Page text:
Rav Ozer Alport addresses this question in his weekly parsha sheet.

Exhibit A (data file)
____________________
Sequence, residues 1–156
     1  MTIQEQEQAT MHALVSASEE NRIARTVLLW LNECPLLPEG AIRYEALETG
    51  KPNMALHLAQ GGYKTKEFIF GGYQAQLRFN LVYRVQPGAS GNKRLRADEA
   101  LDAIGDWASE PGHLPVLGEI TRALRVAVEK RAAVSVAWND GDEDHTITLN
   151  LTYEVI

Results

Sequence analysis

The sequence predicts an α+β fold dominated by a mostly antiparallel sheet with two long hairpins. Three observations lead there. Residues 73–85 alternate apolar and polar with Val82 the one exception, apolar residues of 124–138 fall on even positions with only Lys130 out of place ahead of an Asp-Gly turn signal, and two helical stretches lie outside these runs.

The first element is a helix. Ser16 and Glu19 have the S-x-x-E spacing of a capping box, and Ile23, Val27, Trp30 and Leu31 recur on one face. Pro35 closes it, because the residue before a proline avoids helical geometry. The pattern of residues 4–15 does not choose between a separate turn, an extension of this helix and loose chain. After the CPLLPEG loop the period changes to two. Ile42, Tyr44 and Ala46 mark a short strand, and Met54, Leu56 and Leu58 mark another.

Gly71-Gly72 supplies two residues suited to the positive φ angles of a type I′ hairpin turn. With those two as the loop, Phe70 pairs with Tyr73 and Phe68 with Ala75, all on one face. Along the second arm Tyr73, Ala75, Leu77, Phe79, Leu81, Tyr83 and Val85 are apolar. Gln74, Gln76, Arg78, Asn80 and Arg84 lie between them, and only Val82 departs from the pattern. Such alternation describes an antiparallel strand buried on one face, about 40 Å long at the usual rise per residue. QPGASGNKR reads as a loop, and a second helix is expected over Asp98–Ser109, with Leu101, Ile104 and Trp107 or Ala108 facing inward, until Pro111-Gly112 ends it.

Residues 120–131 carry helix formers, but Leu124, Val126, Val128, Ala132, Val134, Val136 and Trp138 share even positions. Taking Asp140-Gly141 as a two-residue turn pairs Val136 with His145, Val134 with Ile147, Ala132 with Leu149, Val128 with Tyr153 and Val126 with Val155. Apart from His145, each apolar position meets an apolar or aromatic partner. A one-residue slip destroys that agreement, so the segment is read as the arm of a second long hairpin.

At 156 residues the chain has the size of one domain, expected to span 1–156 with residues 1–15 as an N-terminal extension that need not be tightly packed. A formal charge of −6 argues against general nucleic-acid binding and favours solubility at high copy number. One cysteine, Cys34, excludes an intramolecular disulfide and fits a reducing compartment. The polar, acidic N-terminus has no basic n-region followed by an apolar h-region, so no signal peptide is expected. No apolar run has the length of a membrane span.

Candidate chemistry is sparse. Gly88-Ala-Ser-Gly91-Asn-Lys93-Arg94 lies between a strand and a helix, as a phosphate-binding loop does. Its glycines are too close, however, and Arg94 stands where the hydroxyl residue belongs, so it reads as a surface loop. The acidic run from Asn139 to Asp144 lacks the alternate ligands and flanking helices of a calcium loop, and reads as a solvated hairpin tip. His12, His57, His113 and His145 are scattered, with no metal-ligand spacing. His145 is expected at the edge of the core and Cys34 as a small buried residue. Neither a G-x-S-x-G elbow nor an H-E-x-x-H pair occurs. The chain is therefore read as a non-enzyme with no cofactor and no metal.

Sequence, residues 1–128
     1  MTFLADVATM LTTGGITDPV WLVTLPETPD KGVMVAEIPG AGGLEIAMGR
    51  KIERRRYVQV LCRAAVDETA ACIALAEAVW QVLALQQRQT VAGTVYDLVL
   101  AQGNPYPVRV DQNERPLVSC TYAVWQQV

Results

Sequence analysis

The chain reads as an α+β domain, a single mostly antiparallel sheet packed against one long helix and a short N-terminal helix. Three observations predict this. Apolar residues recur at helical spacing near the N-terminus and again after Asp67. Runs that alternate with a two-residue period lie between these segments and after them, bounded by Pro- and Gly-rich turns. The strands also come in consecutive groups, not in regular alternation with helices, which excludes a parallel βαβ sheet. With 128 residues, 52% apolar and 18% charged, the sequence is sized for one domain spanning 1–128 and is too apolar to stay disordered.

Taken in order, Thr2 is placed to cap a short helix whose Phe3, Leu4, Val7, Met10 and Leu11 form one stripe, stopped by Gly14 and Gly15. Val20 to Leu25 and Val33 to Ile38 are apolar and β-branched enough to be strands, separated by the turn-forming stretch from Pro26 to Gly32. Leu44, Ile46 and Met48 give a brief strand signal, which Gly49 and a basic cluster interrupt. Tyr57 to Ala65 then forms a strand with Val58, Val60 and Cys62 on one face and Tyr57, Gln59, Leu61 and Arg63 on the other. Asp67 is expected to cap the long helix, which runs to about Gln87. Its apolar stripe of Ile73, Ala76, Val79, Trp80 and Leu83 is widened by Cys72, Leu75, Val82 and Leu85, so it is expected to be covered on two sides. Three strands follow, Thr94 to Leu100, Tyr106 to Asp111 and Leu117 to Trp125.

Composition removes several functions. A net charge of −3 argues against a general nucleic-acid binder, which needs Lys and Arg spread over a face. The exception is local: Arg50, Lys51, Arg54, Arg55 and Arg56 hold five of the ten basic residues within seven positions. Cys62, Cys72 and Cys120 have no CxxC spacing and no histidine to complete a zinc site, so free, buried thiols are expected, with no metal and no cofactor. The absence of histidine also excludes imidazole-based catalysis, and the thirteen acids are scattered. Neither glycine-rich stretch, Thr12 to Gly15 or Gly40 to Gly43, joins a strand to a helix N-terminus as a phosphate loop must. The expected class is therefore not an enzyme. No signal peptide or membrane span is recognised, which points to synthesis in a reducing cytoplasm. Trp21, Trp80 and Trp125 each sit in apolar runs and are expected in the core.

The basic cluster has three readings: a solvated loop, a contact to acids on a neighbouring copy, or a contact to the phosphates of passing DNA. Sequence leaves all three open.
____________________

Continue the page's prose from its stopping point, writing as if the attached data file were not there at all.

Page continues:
"The Shaarei Simcha answers that people who are well-known for their evil ways will have a difficult time trying to ensnare innocent, unsuspecting victims. On the other hand, those people whose wickedness is concealed represent a much greater threat. One of the purposes of tzara'as is to separate the gossipmonger from society to protect them from his negative influence. However, if somebody's entire body is covered with tzara'as, it will be plain to all that he is to be avoided, and there is therefore no need to rule him impure and distance him from others. Alternatively, Rav Reuven Zelig Bengis explains that the purpose of tzara'as is to tell a person that he has sinned and to motivate him to approach the Kohen who will teach him how to examine and correct his ways. If he doesn't do so and the tzara'as continues to spread, this proves to him that he still has work to do. If, however, the tzara'as has already spread and covered his entire body before he even approaches the Kohen, he will become despondent if he is ruled impure, thereby defeating the purpose. As a result, the Torah rules that he is pure."